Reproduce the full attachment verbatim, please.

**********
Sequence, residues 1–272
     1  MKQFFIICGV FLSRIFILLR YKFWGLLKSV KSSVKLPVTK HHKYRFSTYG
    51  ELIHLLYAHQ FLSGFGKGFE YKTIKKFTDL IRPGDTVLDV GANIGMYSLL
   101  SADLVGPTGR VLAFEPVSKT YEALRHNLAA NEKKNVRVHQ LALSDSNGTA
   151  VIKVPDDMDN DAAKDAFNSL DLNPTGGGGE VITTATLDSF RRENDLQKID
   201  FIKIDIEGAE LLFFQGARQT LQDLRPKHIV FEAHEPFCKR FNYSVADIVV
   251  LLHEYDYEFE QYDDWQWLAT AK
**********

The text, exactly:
Sequence, residues 1–272
     1  MKQFFIICGV FLSRIFILLR YKFWGLLKSV KSSVKLPVTK HHKYRFSTYG
    51  ELIHLLYAHQ FLSGFGKGFE YKTIKKFTDL IRPGDTVLDV GANIGMYSLL
   101  SADLVGPTGR VLAFEPVSKT YEALRHNLAA NEKKNVRVHQ LALSDSNGTA
   151  VIKVPDDMDN DAAKDAFNSL DLNPTGGGGE VITTATLDSF RRENDLQKID
   201  FIKIDIEGAE LLFFQGARQT LQDLRPKHIV FEAHEPFCKR FNYSVADIVV
   251  LLHEYDYEFE QYDDWQWLAT AK